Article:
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First St. Augustine in Georgia

Probable site of the first St. Augustine

Probable site of the first St. Augustine

The Spanish archives put first St. Augustine in Georgia. Same document confirms POOF location for Fort Caroline. French eyewitness says that Jean Ribault was executed at Fort Caroline in Georgia.

Y’all are going to love this one. It is one thing for archaeologists and historians to squabble about whether some pile of earth is a Spanish fort, an Indian mound or a pile of dirt. Being a Rambling Wreck from Georgia Tech, I like hard numbers and crisp satellite images. That we got.

All along there was a letter written by the big butcher himself, Pedro Menéndez de Avilés, where he stated that St. Augustine was established on a site with a latitude of 30 ½ degrees. It was about 21 miles south of Fort Caroline. Most Florida authors and web sites changed the number to 29 ½ degrees to match St. Augustine. However, trente y media grados is 30 ½ degrees in every Spanish speaking nation in the world, except South Miami Beach. He also said that there was a roundish island the diameter of Sapelo Island in the mouth of the May River. None of the other river candidates have islands in their mouths but the Altamaha River with its Sapelo Island.

There is also a French archive by a survivor of Fort Caroline that states that most of the French fleet was sunk or floundered about 50 miles south of Fort Caroline. They struggled back northward through the Georgia Coast’s maze of rivers, tidal creeks and marshes in order to surrender at Fort Caroline to the Spanish, and then be promptly butchered.

For 500 years, a parade of conquistadors, Catholic priests, Protestant missionaries, soldiers, politicians, historians, eggheads, anthropologists, New Agers and archaeologists have been telling the Southeastern indigenous peoples what their history was. Now the moccasins are on the other foot.

Interested in reading more

Chuckle!

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Richard Thornton is a professional architect, city planner, author and museum exhibit designer-builder. He is today considered one of the nation’s leading experts on the Southeastern Indians. However, that was not always the case. While at Georgia Tech Richard was the first winner of the Barrett Fellowship, which enabled him to study Mesoamerican architecture and culture in Mexico under the auspices of the Institutio Nacional de Antropoligia e Historia. Dr. Roman Piňa-Chan, the famous archaeologist and director of the Museo Nacional de Antropologia, was his fellowship coordinator. For decades afterward, he lectured at universities and professional societies around the Southeast on Mesoamerican architecture, while knowing very little about his own Creek heritage. Then he was hired to carry out projects for the Muscogee-Creek Nation in Oklahoma. The rest is history. Richard is the Tribal Historic Preservation Officer for the KVWETV (Coweta) Creek Tribe and a member of the Perdido Bay Creek Tribe. In 2009 he was the architect for Oklahoma’s Trail of Tears Memorial at Council Oak Park in Tulsa. He is the president of the Apalache Foundation, which is sponsoring research into the advanced indigenous societies of the Lower Southeast.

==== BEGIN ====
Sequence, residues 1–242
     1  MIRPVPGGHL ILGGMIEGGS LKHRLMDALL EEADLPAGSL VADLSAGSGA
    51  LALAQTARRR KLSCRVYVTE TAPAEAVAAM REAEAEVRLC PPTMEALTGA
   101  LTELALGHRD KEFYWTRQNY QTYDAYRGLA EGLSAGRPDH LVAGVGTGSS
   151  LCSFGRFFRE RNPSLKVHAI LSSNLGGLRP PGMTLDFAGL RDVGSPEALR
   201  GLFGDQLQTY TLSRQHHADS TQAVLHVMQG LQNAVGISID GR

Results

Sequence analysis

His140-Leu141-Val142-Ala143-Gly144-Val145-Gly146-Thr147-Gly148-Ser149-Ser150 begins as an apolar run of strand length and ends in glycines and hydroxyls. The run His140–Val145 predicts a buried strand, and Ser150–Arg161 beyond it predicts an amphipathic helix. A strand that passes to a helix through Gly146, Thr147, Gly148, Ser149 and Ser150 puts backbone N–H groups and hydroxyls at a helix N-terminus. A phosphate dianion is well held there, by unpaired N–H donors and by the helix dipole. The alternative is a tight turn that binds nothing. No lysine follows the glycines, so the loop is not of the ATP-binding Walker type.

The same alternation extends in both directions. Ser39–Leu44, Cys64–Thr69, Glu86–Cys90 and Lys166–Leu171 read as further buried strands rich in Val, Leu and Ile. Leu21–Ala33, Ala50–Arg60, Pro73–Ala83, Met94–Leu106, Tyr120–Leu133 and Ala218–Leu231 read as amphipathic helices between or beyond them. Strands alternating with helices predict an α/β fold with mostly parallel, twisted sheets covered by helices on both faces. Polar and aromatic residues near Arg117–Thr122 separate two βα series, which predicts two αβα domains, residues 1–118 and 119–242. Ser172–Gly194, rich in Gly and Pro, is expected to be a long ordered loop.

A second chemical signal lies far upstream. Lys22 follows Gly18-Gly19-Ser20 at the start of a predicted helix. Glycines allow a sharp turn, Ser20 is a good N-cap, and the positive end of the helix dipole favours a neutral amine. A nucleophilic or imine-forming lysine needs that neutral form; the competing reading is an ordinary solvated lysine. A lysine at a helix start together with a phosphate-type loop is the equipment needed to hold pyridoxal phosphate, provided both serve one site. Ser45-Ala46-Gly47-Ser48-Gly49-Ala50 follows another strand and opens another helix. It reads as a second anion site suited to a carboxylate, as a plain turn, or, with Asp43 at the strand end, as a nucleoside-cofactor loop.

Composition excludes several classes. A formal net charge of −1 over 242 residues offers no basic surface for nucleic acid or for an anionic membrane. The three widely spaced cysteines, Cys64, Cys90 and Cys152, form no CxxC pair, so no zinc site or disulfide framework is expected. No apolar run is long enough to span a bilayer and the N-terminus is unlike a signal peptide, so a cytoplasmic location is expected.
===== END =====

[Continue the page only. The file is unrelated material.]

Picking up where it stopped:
1 Comment

  1. wrmattfeld411@gmail.com'

    Woodbury Lowery (1905 and 1911 editions) quotes in Spanish Pedro Menendez de Aviles’ 1565 letter to the king of Spain and he describes St. Augustine as being at 29 1/2 degrees and Fort San Mateo (Fort Caroline) as being at 30 1/4 degrees. Today 29 1/2 degrees is Flagler Beach, south of St. Augustine, whereas 30 1/4 degrees is Ponte Vedra Beach south of the St. Johns River and Mayport.
    “El [puerto] de Sant Mateo que ganamos esta en treynta y un quarto…” (p. 390. Woodbury Lowery. The Spanish Settlements within the limits of the present United States)
    Lowery acknowledges some people had proposed in his day (1905) that the May River might be either the Altahamah of Georgia or St. Marys of Florida and explained why he dismissed these two proposals. It was Menendez’ 1565 letter which said the French fort was on a river flowing from the southwest towards the Bay of Juan Ponce. Secondly, Menendez said St. Augustine, which he calls “this port” is at 29 1/2 degrees while fort San Mateo (Fort Caroline being renamed by him) is at 30 1/4 degrees (see Lowery. 1905/1911 editions. pp. 389-392 for details). This is to say over a hundred yeasrs before Richard Thornton, others had proposed the Altahamah to be the May River upon which lay Fort Caroline.

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